Thin Lizzy rocker Gary Moore's guitars snapped up for £145,000
More than 30 instruments went under hammer in London
Guitars once played by Northern Irish Thin Lizzy rocker Gary Moore have been snapped up for almost £145,000.
More than 30 instruments once owned by the east Belfast man went under the hammer at Bonhams in central London earlier this week.
The incredible collection of guitars and amps sold for a total of £143,235.
The star is famed for his time with Thin Lizzy, Colosseum II and the original Skid Row.
A popular musician, Moore's talents extended across a breadth of styles, from mainstream hard rock - for which he was most famous - to blues and jazz-rock - genres in which he produced several hit albums.
He was also widely recognised as a singer-songwriter and had a successful solo career.
The 46-piece collection featured a number of incredible instruments, including a 1963 Fender Stratocaster that was a gift from Claude Nobs, the founder of the Montreux Jazz Festival. The guitar sold for a huge £18,750.
Moore used the instrument in live gigs, televised concerts and also on the Blues for Jimi DVD that was released in 2007 - the same year he also received a Gibson Les Paul 1959 from a devoted fan that he later used to warm up before gigs.
Among the other great instruments was a 1964 Gibson Firebird 1, which sold for £10,625.
Moore's personal collection of around 100 guitars included electric, acoustic and bass guitars, and a sitar and a banjo.
He had been known to auction off many of his pieces for charity, as well as handing them out to his fans.
Katherine Schofield, Bonhams Head of entertainment memorabilia, said: "At this year's sale we've offered some truly personal lots of entertainment memorabilia, from the private guitar collection of Thin Lizzy guitarist Gary Moore to the heartfelt letters of the actress Audrey Hepburn, and of course, the studio songwriting notebook of Queen's Freddie Mercury.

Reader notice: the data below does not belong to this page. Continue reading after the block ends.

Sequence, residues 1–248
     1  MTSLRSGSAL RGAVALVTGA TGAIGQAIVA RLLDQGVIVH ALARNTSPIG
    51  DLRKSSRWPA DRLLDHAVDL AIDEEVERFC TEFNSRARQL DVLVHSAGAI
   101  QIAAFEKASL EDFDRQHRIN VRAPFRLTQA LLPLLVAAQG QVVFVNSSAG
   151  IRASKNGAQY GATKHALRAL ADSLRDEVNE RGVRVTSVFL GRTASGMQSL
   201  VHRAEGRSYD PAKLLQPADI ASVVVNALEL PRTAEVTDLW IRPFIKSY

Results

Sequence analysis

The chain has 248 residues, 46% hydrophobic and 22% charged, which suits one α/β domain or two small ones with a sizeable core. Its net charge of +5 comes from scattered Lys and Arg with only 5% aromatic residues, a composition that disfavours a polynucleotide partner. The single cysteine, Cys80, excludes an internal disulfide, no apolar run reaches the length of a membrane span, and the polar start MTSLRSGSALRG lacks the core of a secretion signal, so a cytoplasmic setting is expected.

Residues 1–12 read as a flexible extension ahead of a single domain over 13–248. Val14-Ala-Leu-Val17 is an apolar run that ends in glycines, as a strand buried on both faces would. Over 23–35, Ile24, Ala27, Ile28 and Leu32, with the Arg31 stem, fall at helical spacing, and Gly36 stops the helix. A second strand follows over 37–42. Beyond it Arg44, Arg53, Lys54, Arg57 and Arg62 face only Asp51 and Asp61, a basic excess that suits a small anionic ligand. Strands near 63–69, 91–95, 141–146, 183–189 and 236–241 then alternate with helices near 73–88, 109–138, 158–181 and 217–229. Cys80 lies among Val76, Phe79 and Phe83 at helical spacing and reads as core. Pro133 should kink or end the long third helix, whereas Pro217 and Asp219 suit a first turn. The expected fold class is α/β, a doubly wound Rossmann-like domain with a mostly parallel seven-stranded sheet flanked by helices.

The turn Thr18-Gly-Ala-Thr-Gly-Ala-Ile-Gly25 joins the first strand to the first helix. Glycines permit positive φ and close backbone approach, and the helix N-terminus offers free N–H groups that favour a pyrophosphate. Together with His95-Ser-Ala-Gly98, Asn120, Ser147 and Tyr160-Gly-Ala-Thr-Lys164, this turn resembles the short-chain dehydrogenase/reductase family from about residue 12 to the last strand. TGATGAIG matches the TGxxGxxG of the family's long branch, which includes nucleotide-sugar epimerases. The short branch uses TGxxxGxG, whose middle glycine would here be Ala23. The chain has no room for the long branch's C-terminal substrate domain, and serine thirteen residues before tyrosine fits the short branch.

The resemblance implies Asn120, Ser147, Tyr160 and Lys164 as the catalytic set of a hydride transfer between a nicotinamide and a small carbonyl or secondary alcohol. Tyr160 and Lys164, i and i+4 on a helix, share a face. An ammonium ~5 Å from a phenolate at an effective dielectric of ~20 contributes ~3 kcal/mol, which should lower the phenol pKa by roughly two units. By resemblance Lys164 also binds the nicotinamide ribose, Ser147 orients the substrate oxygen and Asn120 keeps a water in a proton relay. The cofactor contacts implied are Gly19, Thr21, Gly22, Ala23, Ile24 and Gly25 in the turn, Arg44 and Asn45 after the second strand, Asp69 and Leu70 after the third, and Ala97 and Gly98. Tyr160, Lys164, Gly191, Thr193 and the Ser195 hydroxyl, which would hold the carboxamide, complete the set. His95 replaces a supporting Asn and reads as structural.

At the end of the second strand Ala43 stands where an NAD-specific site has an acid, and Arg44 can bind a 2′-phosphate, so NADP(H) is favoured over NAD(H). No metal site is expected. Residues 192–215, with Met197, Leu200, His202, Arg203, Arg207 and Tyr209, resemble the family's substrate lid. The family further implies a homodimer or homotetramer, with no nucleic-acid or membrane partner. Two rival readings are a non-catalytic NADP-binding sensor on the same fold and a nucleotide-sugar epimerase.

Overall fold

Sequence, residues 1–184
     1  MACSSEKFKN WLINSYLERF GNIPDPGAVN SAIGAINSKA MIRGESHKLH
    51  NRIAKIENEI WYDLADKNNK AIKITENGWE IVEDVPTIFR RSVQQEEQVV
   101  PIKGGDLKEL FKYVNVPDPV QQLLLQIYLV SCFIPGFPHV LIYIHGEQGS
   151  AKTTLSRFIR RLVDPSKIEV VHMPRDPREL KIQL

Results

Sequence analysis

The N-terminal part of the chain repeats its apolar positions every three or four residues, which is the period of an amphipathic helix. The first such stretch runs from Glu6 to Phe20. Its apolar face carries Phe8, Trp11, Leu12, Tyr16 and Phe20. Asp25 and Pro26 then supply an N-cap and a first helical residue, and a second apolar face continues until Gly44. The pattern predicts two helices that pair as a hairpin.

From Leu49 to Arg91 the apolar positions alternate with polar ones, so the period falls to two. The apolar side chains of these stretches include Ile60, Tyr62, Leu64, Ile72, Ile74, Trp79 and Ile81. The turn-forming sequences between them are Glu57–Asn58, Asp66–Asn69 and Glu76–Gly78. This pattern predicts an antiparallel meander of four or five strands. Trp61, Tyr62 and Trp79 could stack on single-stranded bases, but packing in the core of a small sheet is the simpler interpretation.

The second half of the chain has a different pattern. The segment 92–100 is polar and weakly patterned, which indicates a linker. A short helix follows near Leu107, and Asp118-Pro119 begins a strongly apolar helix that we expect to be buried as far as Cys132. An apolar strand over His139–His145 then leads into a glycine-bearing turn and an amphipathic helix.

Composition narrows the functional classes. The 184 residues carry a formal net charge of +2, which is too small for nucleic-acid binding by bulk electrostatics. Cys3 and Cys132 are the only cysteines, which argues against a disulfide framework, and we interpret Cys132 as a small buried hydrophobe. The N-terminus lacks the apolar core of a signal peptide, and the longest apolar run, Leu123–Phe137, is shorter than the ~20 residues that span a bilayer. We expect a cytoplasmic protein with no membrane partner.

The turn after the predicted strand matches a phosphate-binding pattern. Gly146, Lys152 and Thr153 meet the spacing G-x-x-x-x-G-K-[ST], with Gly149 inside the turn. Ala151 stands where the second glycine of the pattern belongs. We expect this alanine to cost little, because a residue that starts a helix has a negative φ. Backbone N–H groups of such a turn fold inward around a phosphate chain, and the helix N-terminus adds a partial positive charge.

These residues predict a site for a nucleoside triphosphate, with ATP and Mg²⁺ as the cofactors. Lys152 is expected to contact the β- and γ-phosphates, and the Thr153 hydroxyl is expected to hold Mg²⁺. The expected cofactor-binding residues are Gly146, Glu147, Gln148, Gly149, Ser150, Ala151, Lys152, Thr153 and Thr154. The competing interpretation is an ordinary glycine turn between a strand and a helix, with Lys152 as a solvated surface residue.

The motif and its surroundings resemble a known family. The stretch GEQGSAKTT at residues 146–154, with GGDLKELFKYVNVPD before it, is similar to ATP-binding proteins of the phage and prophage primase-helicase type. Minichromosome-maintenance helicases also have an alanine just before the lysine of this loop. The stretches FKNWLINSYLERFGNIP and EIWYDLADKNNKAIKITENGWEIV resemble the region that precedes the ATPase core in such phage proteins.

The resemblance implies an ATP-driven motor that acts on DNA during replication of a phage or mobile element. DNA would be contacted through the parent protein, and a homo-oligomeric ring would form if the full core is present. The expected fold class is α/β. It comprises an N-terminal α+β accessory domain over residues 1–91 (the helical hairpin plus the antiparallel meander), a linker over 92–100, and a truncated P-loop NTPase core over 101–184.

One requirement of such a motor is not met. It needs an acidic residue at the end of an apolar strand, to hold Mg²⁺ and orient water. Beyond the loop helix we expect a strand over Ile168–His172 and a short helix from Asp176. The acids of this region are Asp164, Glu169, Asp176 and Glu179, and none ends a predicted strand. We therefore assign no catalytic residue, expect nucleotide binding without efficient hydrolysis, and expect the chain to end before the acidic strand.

"Each item offers fans that personal link to their favourite icon. We're delighted the sale has done so well.
On hearing of Moore's death in 2011, former Boomtown Rats frontman and charity campaigner Bob Geldof praised the musician's legacy and said that he was "without question one of the great Irish bluesmen". "His playing was exceptional and beautiful, and we won't see his like again," he added.
The musician, who was born Robert William Gary Moore, grew up on Castleview Road, off the Upper Newtownards Road in east Belfast, before leaving the area just as the Troubles were first taking a violent grip on the province. The father-of-four was so talented that, despite being left-handed, he could play right-handed instruments in the standard way.
Moore moved to the Republic aged 16 and befriended Peter Green of Fleetwood Mac, who mentored him when performing.
The guitarist died of a heart attack in his sleep in 2011. His body was discovered in February 2011 in his room at a hotel in Estepona, Marbella.